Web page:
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Isaach De Bankolé
Drawing some intriguing parallels between the work of the prostitute and that of the psychiatrist-both have clients, both charge for sessions, both take on roles that serve the needs, psychological or otherwise, of those they serve, Jeanne Labrune's drama stars Isabelle Huppert and Bouli Lanners as, respectively, Alice, a disaffected call girl and Xavier, a shrink with a crumbling domestic situation. With sex more talked about than shown, the film is filled with pointed dialogue and double entendres Written by
Palm Springs Internation Film Festival
Great performances and beautiful cinematography can't save this good, but ultimately underwhelming black comedy
Alice Bergerac (Isabelle Huppert) is a upper-class prostitute who 'specialises' in role playing for businessmen in order to pay for certain antique items she enjoys collecting. Xavier Demestre (Bouli Lanners) is an uptight, angry psychoanalyst whose marriage is falling apart. These two end up crossing paths, and changing each others lives for the better. What appears to be a very promising film about the relationship between psychoanalysis and prostitution ends up being very underwhelming and unsure of itself.
The similarities drawn between the two professions are not subtle, with the patient/client interactions and payment methods all much the same. The performances in these scenes, and generally across the board are fantastic. Huppert is particularly good, especially in the second half as we witness her question her career and future. It is the characterisation and story that are the weak points, as there are many sub-plots and characters throughout, all of which could have been taken fascinating directions, but none feel fleshed out or even completed. The film ends in a very conventional manner, and by this time it feels like we have seen a series of disjointed scenes rather than a proper film.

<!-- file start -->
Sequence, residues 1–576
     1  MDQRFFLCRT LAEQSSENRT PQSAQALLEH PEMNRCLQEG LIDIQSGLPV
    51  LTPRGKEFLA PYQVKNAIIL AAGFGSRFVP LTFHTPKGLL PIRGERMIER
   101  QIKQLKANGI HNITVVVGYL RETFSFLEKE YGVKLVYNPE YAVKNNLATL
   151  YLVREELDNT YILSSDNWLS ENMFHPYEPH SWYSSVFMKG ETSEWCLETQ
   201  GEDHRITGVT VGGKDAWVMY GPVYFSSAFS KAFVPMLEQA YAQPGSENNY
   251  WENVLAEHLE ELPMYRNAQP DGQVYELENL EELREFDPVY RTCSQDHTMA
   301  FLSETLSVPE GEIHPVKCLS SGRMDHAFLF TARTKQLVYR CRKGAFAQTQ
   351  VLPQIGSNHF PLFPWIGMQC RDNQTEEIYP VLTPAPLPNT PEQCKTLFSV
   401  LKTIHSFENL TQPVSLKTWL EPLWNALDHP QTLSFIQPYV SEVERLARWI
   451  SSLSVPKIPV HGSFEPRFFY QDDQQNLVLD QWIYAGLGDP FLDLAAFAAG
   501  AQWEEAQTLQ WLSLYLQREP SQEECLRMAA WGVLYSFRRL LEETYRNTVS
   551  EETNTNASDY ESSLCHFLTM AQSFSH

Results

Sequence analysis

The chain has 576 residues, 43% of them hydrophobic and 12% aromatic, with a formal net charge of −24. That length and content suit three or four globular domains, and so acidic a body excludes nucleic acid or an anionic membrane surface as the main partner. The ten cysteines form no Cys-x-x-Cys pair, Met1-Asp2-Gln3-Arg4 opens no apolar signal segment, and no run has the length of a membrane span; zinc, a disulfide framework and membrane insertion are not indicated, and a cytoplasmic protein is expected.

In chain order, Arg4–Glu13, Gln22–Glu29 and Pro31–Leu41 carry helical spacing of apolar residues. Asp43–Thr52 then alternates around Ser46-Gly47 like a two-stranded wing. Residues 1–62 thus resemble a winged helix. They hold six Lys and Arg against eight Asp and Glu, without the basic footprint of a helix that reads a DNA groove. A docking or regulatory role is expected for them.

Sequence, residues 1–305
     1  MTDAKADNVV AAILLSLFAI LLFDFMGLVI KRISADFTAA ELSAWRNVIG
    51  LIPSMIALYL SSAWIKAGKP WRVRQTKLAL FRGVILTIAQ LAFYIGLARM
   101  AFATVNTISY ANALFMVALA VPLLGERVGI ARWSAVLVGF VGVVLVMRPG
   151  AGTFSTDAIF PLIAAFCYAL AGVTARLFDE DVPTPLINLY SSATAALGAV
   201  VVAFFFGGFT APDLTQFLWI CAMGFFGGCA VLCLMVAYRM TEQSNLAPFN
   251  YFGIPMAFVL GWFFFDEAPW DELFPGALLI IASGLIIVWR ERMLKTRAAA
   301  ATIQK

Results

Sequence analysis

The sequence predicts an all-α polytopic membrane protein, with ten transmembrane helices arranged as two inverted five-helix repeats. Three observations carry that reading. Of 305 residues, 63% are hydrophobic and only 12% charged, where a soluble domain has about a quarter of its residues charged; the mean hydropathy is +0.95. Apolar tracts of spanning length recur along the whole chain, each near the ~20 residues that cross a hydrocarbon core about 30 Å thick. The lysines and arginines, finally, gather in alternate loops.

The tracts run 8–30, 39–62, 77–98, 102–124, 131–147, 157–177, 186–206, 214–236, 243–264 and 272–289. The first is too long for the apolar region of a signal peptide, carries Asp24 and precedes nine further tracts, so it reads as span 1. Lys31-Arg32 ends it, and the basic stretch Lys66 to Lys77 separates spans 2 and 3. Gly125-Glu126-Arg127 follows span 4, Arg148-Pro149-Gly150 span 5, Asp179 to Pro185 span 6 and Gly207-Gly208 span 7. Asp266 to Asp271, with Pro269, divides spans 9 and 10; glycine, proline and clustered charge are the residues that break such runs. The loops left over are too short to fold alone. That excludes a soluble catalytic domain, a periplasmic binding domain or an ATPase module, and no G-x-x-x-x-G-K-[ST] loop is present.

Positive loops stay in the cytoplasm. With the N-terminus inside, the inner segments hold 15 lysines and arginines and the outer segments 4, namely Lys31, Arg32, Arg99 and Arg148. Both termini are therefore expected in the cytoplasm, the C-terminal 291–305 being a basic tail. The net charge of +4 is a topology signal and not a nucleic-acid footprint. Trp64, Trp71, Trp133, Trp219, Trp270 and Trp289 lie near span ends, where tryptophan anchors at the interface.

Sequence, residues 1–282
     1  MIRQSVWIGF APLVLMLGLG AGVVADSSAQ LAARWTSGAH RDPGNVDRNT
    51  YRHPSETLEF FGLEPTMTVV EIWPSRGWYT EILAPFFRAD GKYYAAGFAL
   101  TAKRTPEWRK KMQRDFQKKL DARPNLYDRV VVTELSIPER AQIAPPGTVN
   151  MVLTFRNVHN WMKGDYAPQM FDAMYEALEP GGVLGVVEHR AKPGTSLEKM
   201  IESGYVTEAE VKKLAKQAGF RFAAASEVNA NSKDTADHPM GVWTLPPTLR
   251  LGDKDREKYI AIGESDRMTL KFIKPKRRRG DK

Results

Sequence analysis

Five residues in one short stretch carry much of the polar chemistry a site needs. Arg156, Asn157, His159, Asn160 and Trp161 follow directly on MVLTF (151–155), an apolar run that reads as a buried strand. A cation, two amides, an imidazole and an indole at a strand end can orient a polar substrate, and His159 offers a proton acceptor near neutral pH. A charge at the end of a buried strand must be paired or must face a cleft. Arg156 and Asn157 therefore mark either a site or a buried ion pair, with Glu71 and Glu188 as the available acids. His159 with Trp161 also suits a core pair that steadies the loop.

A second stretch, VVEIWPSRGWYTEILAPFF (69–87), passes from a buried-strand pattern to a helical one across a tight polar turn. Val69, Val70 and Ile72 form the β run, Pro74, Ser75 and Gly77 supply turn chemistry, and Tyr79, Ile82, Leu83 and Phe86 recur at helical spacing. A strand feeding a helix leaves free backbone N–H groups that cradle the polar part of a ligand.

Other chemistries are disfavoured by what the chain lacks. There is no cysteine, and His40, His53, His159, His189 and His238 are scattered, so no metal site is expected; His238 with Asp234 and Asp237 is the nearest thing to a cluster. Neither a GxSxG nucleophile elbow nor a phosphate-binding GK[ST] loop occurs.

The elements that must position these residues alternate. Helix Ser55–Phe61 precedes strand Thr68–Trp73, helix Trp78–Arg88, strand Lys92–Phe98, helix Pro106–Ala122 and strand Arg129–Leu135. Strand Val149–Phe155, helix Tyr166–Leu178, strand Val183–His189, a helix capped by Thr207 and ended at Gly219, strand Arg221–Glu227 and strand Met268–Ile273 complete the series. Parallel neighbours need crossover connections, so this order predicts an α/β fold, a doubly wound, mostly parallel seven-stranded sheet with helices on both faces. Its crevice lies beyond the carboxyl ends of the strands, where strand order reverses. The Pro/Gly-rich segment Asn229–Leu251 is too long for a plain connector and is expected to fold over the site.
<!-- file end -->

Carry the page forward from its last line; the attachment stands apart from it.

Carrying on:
Unfortunately, there are many good ideas here, and technically the film is fantastic. The score creates an interesting, almost menacing atmosphere throughout, and the film is shot beautifully, but there is not enough story for this movie to be anything other than a bit above average.
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